Remember, we look the way we do largely as a result of H. eregaster and their like spending umpteen generations selecting for their standards of beauty.

Yes; but they certainly didn’t look umpteen generations ahead and think “this is what I would really want to look like!”

I suppose that we might look like over-exaggerated beauties, to them. Like Jessica Rabbit, say: She’s sexy in the abstract, but if you ever actually met a real physical woman shaped like her, you’d probably consider her grotesque.

Or like the Asgard.

I don’t think so…take urban areas. Most towns in the USA have pretty ugly downtowns…mismatched buildings, signs jutting out at all angles, and broken sidewalks, with trash blowing around. I visited a town that was really beautiful (Corte Madeira, CA)…it was really pleasing to be in an area so nice and well kept-flowers everywhere and nice, harmonious buildings.

I would dispute that.
I doubt that we somehow evolved a standard of attractiveness that was radically different from anything we saw around us at the time.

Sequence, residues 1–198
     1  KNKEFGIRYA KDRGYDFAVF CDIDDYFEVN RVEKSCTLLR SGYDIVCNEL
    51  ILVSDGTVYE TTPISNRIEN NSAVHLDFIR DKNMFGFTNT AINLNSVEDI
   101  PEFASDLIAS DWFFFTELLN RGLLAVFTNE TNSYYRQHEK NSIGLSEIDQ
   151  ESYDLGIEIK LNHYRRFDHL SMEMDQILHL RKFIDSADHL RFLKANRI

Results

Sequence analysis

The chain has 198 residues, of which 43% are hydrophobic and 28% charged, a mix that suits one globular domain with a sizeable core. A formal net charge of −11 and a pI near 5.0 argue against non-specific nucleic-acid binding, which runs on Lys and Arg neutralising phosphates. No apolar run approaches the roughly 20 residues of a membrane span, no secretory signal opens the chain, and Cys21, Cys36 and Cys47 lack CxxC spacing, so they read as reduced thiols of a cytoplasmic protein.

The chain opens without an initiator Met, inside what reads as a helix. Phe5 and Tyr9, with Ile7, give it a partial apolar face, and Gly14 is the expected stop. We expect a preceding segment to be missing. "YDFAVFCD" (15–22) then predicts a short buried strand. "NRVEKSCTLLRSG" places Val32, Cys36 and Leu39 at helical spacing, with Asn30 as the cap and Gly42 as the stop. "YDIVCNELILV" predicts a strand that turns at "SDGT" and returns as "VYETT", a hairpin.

Put it this way: let’s say male eregasters have a more pronounced brow than females. So this is something a female might notice. A female eregaster in our time might, at least at first, find all men somewhat feminine. And this is just one feature.
(I say at least at first because I suspect what we find attractive is rather plastic and her standards will change, rather than she just remains unattracted to everyone forever).

Having said that, some things I would guess are fairly objective; I’ll bet we’ve always preferred healthy-looking skin to obviously diseased skin. But this is not a known difference between eregaster and sapiens…it’s a difference in environmental conditions.